**DESCRIPTION OF THE DRAWINGS**

**[0007]**FIG. 1 shows an exemplary table of layers that may be included in a GIS application.

**[0008]**FIG. 2 illustrates an exemplary data reduction system for use with GIS applications according to the present invention.

**[0009]**FIG. 3 illustrates an exemplary embodiment of a method to determine whether to include a node P

_{n}in a detail-reduced version of a geometric representation of a geographic object according to the present invention.

**[0010]**FIGS. 4a and 4b illustrate views of an exemplary geometric representation of a geographic object as contained in a GIS application, before and after application of the exemplary data reduction method of FIG. 3.

**DETAILED DESCRIPTION**

**[0011]**The present invention may be further understood with reference to the following description and the appended drawings, wherein like elements are referred to with the same reference numerals. The exemplary embodiments of the present invention describe a system and method for determining whether to include a point P

_{n}when reducing the detail of a geometric representation of geographic objects. The exemplary system and method will be further discussed in detail below.

**[0012]**An exemplary GIS display may show various geographical features at varying levels of detail depending on the zoom factor desired by the user. The GIS display may include different types of geographical features on different layers. FIG. 1 shows an exemplary Table 1 showing exemplary layers 10-60 in an exemplary GIS display. This exemplary display includes six (6) layers including Layer 1 (10) having land/water boundaries (e.g., coastline, rivers, etc.); Layer 2 (20) having roads; Layer 3 (30) having buildings; Layer 4 (40) having fiber optic cable runs; Layer 5 (50) having electrical cable runs; and Layer 6 (60) having water line runs. Each of the geographic features in each of the layers 10-60 may be combined to provide exemplary GIS display for the desired geographic area.

**[0013]**Those skilled in the art will understand that the layers described above are only exemplary, and that these and other layers may also be included in or excluded from the GIS display based on the needs of the user. These additional layers may include natural features (e.g., mountains, forests, etc.), man-made features (e.g., streets, gas lines, sewer lines, etc.), and political subdivisions (e.g., state, county, city boundaries, etc.). In addition, each layer may include sub-layers. For example, Layer 5 (50) having electrical cables may include a first sub-layer showing all 480V electrical cables and a second sub-layer showing all 2 kV electrical cables. Those skilled in the art will also understand that the layering model is only exemplary and that the GIS display/system does not need to implement geographical features by layers.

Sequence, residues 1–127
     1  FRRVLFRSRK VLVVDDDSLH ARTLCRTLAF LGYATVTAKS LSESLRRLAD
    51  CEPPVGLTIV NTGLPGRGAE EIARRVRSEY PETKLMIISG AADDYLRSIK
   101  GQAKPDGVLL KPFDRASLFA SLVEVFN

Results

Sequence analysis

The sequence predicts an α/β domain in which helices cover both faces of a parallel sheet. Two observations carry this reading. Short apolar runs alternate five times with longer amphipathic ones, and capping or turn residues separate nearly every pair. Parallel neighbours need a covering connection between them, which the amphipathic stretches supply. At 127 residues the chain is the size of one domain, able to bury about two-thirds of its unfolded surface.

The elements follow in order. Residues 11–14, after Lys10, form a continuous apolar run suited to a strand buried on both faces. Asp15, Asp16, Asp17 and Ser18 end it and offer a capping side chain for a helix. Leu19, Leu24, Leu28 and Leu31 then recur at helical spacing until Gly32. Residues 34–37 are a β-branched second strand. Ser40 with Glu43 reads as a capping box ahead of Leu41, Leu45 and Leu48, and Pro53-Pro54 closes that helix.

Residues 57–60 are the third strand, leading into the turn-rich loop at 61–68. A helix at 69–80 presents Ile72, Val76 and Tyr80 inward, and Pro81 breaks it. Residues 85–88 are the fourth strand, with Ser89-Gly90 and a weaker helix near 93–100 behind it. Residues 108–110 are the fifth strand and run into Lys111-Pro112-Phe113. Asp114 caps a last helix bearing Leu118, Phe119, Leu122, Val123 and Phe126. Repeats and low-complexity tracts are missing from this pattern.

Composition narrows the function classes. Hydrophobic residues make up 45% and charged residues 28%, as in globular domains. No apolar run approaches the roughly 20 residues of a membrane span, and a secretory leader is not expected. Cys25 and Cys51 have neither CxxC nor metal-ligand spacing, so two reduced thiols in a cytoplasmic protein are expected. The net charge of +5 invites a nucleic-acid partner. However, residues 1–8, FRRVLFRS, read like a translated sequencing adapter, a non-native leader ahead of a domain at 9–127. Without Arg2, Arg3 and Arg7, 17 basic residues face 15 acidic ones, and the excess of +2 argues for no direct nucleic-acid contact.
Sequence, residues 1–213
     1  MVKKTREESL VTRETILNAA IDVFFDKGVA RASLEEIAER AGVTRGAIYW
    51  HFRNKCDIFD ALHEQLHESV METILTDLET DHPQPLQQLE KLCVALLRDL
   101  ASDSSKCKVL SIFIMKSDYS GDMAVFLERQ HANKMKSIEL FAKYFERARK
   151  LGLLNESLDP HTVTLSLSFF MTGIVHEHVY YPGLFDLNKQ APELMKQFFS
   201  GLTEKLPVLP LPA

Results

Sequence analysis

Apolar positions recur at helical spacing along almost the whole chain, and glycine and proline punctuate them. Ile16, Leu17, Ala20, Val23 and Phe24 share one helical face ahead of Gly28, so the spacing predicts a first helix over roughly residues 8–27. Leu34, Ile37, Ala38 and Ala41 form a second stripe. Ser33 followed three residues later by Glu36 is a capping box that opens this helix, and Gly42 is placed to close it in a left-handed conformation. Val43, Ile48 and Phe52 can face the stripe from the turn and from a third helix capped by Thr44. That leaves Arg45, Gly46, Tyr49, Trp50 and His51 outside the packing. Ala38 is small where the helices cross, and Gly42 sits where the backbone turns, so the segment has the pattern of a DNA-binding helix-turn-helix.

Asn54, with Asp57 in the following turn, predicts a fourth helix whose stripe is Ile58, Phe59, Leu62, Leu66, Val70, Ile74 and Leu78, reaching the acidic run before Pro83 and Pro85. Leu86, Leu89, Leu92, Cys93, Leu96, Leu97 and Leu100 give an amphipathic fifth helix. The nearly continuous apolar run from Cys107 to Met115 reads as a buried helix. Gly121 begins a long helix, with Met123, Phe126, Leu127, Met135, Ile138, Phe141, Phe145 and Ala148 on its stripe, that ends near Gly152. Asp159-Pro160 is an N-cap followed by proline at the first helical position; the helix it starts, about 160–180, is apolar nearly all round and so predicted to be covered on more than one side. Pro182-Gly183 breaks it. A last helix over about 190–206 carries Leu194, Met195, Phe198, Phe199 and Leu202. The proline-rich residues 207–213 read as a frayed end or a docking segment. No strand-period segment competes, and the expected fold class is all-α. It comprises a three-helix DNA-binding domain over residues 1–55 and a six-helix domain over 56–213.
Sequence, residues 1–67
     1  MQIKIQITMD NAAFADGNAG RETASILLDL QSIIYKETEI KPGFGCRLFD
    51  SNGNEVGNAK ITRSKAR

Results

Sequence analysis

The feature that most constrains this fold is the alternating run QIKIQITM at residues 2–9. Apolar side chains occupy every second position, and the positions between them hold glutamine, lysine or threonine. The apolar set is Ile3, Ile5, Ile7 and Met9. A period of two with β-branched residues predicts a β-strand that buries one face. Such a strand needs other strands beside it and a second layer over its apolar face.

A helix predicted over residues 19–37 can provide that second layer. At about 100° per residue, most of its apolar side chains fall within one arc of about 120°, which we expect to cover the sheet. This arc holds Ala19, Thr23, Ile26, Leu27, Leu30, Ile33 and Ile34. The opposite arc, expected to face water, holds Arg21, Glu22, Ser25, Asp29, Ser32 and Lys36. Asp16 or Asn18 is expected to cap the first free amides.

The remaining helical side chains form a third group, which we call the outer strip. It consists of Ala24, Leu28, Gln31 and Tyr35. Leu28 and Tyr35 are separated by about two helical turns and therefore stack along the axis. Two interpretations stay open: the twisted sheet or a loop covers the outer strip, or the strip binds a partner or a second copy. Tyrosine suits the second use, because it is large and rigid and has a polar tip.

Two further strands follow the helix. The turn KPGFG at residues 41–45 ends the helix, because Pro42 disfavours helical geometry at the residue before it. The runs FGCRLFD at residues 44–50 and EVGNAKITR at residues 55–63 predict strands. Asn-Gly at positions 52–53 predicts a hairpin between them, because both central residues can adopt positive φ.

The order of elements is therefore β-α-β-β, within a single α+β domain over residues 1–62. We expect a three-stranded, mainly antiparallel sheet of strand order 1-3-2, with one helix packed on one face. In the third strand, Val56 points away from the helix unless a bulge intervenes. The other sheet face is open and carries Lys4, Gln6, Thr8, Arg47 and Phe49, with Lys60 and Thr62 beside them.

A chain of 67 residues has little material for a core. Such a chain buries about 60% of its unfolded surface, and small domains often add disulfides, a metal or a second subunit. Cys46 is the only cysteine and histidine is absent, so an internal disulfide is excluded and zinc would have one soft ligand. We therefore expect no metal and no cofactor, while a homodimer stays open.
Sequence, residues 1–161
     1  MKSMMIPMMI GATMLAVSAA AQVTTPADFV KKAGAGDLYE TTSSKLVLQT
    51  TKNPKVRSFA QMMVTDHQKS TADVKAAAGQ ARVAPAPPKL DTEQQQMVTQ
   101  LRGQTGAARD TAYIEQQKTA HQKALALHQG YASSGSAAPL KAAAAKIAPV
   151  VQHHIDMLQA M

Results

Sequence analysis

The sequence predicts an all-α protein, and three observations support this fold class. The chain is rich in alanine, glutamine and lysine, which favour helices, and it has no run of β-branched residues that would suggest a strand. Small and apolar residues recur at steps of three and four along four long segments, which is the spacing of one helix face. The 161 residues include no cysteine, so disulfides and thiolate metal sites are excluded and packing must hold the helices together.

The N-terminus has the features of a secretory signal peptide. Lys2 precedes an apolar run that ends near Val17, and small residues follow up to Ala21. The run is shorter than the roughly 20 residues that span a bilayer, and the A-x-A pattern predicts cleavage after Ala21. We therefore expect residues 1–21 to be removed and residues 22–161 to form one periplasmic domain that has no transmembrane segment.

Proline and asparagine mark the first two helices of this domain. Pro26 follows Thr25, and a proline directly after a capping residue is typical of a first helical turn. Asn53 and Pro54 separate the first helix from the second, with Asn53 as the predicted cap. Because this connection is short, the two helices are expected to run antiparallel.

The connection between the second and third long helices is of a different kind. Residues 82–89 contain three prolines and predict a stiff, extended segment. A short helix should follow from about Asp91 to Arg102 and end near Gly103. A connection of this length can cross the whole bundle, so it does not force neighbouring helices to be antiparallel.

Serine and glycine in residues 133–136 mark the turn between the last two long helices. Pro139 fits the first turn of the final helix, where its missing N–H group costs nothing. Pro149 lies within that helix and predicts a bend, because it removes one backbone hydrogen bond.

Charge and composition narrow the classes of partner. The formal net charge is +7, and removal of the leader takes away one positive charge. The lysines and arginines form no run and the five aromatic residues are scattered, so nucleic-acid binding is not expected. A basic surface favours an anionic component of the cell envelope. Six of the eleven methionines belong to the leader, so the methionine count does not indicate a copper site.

**[0014]**FIG. 2 shows an exemplary GIS system 100 according to the present invention. The GIS system 100 may store each of the geometric objects in a data storage 110 (e.g., a database) as a set of points or nodes. Throughout this description the terms "points" and "nodes" will be used interchangeably to describe the data used to create the geometric objects. In one exemplary embodiment, this data is a latitude/longitude pair defining a geographic location, e.g., each point or node includes data representing a latitude/longitude location. Those skilled in the art will understand that the use of a database as a data storage mechanism 110 is only exemplary. Other known data storage mechanisms 110 may also be used. The GIS system 100 may then transmit the objects via a view generator 130 to a client application (e.g., GIS display 140), that allows "panning" and "zooming" of the GIS display. As described previously, each of the objects may include hundreds or thousands of nodes and there may be many objects on any particular display. Thus, due to the immense amount of data involved, it may be desirable for objects shown at higher zoom levels (i.e. lower magnification) to be transmitted and represented in reduced detail. It should be noted that FIG. 2, which shows the GIS display 140 as external to the GIS system 100, is only exemplary, and that a GIS system may have a GIS display as part of the system.